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Is Benidorm About to Become a New World Heritage Site?

The Spanish seaside resort of Benidorm is about to apply for UNESCO World Heritage Site recognition. Love it or hate it, Benidorm has delighted in more than 250 million visitors over the last fifty years – more than five million visitors a year, making it one of Spain’s most thriving resorts. Now it seems that Benidorm could be set to join the likes of the Pyramids, The Great Wall of China and the Grand Canyon, if it is successful in its bid to gain World Heritage status.

This home-from-home resort is best known for its cheap package holidays, high-rise buildings, seaside spots and vibrant night scene. For most, this might seem like a strange addition to the UNESCO catalogue, as the resort has been criticised over the years for its mass tourism, but city officials disagree. They believe that the Spanish resort has as much right to be on the list as any other site, and claim that Benidorm meets the conditions necessary for inclusion, the first of which states that, “[it] represents a masterpiece of human creative genius”.

Before it can go ahead the resort needs the support of the Valencia regional parliament. This will often occur over a two-year period as a list is put together by the culture and education ministry before it can even be considered by the UNESCO agencies. So, don’t expect this decision to be finalised in the coming months, as the application is a lengthy process and can often take three to six years before it is even approved.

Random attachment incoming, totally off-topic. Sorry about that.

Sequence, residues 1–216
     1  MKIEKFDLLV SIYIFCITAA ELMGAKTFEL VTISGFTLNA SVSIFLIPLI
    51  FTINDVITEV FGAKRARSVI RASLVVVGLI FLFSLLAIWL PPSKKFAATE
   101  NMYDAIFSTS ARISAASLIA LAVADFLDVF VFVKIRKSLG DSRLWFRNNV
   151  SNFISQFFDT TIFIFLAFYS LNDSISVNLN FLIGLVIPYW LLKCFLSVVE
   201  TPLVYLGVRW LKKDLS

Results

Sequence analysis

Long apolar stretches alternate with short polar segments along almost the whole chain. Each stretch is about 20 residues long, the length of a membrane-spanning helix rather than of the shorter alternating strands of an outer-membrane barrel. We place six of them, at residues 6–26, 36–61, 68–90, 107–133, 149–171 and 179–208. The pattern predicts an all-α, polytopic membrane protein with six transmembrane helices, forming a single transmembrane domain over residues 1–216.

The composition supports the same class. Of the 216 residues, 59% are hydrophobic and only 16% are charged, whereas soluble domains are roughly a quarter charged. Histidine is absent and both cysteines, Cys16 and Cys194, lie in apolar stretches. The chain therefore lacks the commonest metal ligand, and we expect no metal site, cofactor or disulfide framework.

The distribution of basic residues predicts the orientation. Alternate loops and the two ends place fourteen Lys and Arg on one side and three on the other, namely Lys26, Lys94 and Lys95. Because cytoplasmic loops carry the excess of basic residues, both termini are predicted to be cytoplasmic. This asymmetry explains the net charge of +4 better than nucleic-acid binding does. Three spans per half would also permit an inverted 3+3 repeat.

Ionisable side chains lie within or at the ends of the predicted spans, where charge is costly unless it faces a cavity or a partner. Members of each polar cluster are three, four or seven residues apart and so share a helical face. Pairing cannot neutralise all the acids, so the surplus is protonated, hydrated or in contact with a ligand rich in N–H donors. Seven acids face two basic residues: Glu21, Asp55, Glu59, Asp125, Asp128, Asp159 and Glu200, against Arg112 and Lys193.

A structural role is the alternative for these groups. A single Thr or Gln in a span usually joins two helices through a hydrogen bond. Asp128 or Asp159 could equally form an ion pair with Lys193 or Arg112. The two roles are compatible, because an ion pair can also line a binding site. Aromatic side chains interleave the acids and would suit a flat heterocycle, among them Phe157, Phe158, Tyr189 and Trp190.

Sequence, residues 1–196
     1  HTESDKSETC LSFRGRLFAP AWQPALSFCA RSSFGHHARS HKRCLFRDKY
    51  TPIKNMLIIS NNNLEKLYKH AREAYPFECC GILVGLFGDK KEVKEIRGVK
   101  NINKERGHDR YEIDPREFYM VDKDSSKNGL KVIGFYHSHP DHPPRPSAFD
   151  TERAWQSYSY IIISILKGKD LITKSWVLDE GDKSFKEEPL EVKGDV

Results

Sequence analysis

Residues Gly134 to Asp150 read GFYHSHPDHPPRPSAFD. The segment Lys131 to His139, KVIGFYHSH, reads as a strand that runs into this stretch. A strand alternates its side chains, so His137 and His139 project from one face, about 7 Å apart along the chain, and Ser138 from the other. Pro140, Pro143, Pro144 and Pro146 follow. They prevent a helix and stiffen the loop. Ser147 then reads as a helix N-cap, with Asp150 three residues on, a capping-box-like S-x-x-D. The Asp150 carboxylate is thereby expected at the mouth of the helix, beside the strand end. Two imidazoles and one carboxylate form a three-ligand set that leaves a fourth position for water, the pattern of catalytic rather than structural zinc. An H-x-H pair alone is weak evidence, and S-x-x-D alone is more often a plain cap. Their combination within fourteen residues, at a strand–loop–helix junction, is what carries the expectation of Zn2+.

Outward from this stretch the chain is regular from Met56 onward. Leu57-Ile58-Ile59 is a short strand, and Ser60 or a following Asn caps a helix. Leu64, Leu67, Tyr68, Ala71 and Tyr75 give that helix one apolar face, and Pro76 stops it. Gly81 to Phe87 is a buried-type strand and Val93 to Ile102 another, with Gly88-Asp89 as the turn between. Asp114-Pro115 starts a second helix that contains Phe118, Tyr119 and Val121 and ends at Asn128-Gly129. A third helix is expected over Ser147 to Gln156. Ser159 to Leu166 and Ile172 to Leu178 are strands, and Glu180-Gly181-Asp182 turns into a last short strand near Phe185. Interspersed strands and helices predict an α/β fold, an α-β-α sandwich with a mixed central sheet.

Currently boasting more than 40 UNESCO World Heritage Sites, Spain is hoping to add Benidorm to the list. Some of Spain’s current sights include Gaudi’s architecture in Barcelona, the Roman Walls of Lugo and the Monastery and Site of the Escurial in Madrid.

So, what is it that makes Benidorm eligible for a UNESCO World Heritage status?

According to the Visit Benidorm Tourist Board, it all comes down to tourism. They said, “Tourism is now the world’s most dynamic and important industry, whether viewed in terms of employment, cultural change or environmental impact, and the beach holiday is a particularly significant component of tourism’s growth and as such, pioneering holiday destinations, like Benidorm, deserve to be taken seriously.”

This former fishing village, which was home to just 3,000 people in 1960s has changed dramatically over the years and is now better known for its built up landscape, hordes of tourists and the cheap and cheerful price tags. This is why Benidorm should be at the top of your list of places to visit in Spain.